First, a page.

Tribal Stewards

Sage Brown   Website

ONDA’s Tribal Stewards program offers Native American young adults an introduction to conservation careers and provides hands‐on experience and opportunities for personal growth within a culturally relevant framework. This program was created in partnership with  Northwest Youth Corps, Confederated Tribes of Warm Springs, Burns Paiute Tribe and federal agencies.

Through an immersive field‐based program, participants restore streams, uplands and trails on federal and tribal lands and conduct scientific research. In addition to gaining practical restoration and research experience, the tribal stewards receive mentorship from natural resources professionals and explore potential career pathways.

This program, which offers paid positions with education awards upon completion, was created to address underrepresentation in conservation and land management careers and a lack of opportunity to gain professional skills needed to enter the natural resources field. For decades, ONDA has worked to protect and restore culturally significant public lands, and ONDA recognizes that to improve the effectiveness of this work, we must deepen our relationships with tribes and embrace their priorities.

voices

Nate Wilson-Traisman, member since 2019

Nate Wilson-Traisman, member since 2019

“My greatest hope is that Oregon’s desert continues to gain public lands protections, and is guarded from unsustainable development, so that future generations may benefit from all the region has to offer.

I felt inspired by trips to Oregon’s high desert, and was actively searching for ways to contribute to the protection of these wild places. ONDA stood out as a leader in this respect, and when I’ve had money to contribute, ONDA has been a clear choice.”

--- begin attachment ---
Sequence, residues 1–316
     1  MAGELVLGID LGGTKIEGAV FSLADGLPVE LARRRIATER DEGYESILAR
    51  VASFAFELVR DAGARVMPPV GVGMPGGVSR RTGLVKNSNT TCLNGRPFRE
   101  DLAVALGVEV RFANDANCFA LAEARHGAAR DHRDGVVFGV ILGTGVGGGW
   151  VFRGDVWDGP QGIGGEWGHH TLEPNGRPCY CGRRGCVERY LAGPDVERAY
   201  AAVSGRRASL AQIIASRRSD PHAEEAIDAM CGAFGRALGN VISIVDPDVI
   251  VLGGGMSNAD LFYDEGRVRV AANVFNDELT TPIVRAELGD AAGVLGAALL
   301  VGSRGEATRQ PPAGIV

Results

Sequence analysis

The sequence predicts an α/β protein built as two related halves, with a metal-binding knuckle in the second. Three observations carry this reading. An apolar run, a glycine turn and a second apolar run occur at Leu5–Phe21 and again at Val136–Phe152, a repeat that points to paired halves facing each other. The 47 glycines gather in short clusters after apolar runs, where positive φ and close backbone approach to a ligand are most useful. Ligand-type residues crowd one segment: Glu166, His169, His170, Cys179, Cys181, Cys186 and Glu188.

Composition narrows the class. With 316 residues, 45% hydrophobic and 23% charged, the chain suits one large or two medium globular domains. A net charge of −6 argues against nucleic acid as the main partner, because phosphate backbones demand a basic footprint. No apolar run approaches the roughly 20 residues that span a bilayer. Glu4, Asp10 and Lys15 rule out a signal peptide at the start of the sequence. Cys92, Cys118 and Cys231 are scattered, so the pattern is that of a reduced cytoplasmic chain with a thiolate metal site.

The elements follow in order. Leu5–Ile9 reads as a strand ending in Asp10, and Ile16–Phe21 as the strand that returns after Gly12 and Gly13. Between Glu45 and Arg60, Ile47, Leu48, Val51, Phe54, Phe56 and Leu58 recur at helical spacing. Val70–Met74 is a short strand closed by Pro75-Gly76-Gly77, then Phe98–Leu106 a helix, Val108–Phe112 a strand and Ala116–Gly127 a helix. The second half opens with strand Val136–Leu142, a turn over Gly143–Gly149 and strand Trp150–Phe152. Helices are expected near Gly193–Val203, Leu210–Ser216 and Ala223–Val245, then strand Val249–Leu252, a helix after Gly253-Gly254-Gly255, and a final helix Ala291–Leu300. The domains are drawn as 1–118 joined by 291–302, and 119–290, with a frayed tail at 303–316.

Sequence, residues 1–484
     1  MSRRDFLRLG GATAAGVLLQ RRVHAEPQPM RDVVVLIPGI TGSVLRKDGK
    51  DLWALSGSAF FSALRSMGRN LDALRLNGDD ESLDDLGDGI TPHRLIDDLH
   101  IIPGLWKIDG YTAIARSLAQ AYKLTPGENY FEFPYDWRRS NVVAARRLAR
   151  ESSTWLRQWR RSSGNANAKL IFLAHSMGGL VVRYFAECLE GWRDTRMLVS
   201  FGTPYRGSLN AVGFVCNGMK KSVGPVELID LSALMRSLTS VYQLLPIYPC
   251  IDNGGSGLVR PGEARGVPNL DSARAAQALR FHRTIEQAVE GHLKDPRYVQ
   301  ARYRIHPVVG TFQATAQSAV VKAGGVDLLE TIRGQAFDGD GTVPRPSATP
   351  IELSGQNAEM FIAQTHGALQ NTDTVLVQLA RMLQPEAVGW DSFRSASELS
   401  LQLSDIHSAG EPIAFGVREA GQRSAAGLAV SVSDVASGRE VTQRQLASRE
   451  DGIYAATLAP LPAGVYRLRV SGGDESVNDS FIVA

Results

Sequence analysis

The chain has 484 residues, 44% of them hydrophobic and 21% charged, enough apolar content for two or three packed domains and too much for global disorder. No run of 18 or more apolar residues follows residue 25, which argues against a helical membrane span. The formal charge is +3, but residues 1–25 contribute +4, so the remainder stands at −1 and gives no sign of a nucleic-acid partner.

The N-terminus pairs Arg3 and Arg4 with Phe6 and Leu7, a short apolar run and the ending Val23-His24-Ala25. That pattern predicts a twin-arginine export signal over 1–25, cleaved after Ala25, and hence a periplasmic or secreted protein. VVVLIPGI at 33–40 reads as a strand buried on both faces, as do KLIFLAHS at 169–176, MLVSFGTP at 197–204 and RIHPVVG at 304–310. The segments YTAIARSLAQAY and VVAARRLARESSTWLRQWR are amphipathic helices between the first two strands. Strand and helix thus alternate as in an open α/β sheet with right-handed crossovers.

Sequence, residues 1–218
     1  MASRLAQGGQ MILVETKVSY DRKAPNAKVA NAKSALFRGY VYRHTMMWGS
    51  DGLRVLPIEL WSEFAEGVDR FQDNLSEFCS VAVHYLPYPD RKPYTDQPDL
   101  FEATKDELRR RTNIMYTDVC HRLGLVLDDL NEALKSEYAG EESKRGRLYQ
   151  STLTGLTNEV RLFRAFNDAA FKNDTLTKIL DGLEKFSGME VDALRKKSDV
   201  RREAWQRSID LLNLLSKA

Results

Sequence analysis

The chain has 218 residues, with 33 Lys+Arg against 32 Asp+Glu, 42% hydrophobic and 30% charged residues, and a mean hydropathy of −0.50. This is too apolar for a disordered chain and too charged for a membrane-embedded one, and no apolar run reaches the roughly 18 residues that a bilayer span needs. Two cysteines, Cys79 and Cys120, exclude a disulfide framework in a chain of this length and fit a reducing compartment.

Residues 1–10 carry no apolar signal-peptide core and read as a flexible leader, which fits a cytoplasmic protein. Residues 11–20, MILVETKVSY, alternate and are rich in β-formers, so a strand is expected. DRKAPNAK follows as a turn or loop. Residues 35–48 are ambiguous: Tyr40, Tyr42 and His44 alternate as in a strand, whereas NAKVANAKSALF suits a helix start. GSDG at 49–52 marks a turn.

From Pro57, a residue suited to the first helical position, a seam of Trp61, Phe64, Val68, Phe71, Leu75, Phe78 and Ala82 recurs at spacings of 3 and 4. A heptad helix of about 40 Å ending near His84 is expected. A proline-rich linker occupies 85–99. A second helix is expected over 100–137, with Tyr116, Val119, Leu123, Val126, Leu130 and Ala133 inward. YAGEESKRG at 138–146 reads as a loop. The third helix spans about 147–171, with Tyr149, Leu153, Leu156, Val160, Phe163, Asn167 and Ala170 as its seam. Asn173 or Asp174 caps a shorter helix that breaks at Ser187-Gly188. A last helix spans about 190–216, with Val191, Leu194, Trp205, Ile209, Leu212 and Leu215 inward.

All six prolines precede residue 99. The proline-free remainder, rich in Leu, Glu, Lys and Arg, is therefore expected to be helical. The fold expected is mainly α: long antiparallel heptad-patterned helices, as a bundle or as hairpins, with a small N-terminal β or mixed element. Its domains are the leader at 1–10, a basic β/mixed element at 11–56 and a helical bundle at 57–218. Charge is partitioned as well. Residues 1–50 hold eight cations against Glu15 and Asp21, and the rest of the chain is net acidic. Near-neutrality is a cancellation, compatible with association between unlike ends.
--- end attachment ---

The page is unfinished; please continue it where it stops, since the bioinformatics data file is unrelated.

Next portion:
watch

Helen Harbin on Wildlife

Helen Harbin on Wildlife

voices

Elisa Cheng, member since 2013

Elisa Cheng, member since 2013

“ONDA stewardship trips inspire me. I get to learn new things and see new places, and in the process perform important work that improves the wildlife habitat.”

Lace Thornberg

Sage Brown

Sage Brown   Website

Our Aim

To inspire tribal young adults to pursue careers in the conservation field while supporting the restoration of eastern Oregon wildlands.

Our intended outcomes include:
  • Participants gain marketable career skills and forge new connections to place.
  • Tribal members become better represented within the field of conservation.
  • The on-the-ground work accomplished makes meaningful improvements to fish and wildlife habitat throughout Oregon’s high desert.

 

Tribal Stewards Projects

Since 2019, the Tribal Stewards crews have worked across eastern Oregon on a range on restoration projects, including:

  • Retrofitting fence to be wildlife friendly and maintaining trails at the John Day Fossil Beds National Monument
  • Improving upland habitat through juniper abatement and seed collection on Burns Paiute Tribe’s Denny Jones property
  • Restoring native fish habitat along headwater creeks of the John Day River by building and maintaining beaver dam analogues and planting native vegetation in the Malheur National Forest
  • Completing fish surveys and native plant projects at Burn Paiute Tribe’s Logan Valley property
  • Building fences to protect headwater springs and creeks of the Malheur River in the Malheur National Forest